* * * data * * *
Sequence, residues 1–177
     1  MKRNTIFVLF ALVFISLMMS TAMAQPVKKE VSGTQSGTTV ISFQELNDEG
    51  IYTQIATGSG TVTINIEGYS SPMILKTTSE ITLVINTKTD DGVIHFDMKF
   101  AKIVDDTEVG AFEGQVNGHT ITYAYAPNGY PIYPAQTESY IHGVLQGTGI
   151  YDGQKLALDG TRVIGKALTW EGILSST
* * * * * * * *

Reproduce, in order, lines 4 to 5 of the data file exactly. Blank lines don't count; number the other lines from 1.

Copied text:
   101  AKIVDDTEVG AFEGQVNGHT ITYAYAPNGY PIYPAQTESY IHGVLQGTGI
   151  YDGQKLALDG TRVIGKALTW EGILSST